An Overview on Patients with Myocardial Infarction

Journal of Interventional and General Cardiology

ISSN: 2684-4591

Open Access

Commentary - (2022) Volume 6, Issue 3

An Overview on Patients with Myocardial Infarction

Vincent Auffret*
*Correspondence: Vincent Auffret, Department of Cardiology and Vascular Diseases, Pontchaillou University Hospital, University of Rennes, Rennes, France, Email:
Department of Cardiology and Vascular Diseases, Pontchaillou University Hospital, University of Rennes, Rennes, France

Received: 03-May-2022, Manuscript No. jigc-22-67045; Editor assigned: 04-May-2022, Pre QC No. P-67045; Reviewed: 11-May-2022, QC No. Q-67045; Revised: 15-May-2022, Manuscript No. R-67045; Published: 22-May-2022 , DOI: 10.37421/2684-4591.2022.6.154
Citation: Auffret, Vincent. “An Overview on Patients with Myocardial Infarction.” J Interv Gen Cardiol 6 (2022): 154.
Copyright: © 2022 Auffret V. This is an open-access article distributed under the terms of the Creative Commons Attribution License, which permits unrestricted use, distribution, and reproduction in any medium, provided the original author and source are credited.


When blood flow to the coronary artery of the heart is diminished or halted, damage to the heart muscle ensues. This is known as a myocardial infarction (MI). The most common symptom is chest pain or discomfort, which can move to the shoulder, arm, back, neck, or jaw [1]. It usually occurs in the middle or left side of the chest and lasts several minutes. It's probable that the discomfort will occasionally feel like heartburn. Other symptoms include shortness of breath, nausea, dizziness, faintness, a cold sweat, or tiredness. About 30% of people experience atypical symptoms. Rather than chest pain, women are more likely to experience neck discomfort, arm pain, or weariness. Approximately 5% of persons over the age of 75 have had a MI with no or few preceding symptoms [2]. A MI can cause heart failure, abnormal heartbeat, cardiogenic shock, or cardiac arrest.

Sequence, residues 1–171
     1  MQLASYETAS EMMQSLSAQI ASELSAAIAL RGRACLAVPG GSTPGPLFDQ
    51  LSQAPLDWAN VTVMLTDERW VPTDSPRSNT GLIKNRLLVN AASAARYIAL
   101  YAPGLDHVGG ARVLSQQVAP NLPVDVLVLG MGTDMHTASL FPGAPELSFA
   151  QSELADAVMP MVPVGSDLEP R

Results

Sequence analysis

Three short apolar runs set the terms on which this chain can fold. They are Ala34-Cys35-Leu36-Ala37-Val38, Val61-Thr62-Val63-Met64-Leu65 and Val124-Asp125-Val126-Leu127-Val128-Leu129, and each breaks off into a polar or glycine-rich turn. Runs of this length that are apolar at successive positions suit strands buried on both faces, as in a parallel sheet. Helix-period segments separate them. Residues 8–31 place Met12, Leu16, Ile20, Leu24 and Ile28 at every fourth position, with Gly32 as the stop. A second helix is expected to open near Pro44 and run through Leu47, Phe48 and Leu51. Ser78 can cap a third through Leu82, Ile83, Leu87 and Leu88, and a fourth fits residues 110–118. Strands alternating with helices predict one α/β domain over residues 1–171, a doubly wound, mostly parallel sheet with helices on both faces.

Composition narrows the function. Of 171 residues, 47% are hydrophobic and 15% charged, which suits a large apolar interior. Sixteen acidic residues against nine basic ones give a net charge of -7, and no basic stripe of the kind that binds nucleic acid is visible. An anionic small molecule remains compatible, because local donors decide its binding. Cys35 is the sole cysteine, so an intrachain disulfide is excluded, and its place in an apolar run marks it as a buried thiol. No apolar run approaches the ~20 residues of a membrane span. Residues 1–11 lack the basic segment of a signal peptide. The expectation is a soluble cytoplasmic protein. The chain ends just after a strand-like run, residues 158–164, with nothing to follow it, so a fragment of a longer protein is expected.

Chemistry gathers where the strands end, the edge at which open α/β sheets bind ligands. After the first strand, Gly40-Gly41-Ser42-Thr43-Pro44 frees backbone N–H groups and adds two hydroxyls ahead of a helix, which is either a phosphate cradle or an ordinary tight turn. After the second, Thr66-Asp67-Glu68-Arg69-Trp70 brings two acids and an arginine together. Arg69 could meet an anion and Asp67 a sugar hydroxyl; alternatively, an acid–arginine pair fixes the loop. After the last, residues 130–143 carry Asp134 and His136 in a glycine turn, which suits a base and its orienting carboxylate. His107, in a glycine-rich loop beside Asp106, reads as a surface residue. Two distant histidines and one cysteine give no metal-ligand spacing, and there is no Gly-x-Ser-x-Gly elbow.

Ischemia, or a lack of oxygen to myocardial tissue, causes heart muscle tissue death (infarction) (myocardium). It's a type of acute coronary syndrome that describes a change in symptoms related to heart blood flow that develops quickly or over a short period of time [3]. Unlike the second type of acute coronary syndrome, unstable angina, a myocardial infarction occurs when cells die, which can be detected by a blood test for biomarkers (the cardiac protein troponin). A MI can be classified as a ST elevation myocardial infarction (STEMI) or a Non-ST elevation myocardial infarction (NSTEMI) depending on the outcomes of an ECG [4].

Acute myocardial infarction, or heart attack, is a potentially lethal condition that occurs when blood flow to the heart muscle is abruptly cut off, causing tissue damage. The most common cause is a blockage in one or more coronary arteries [5]. Plaque buildup, which is largely made up of fat, cholesterol, and cellular waste elements, can cause a blockage, as can a blood clot growing on the obstruction.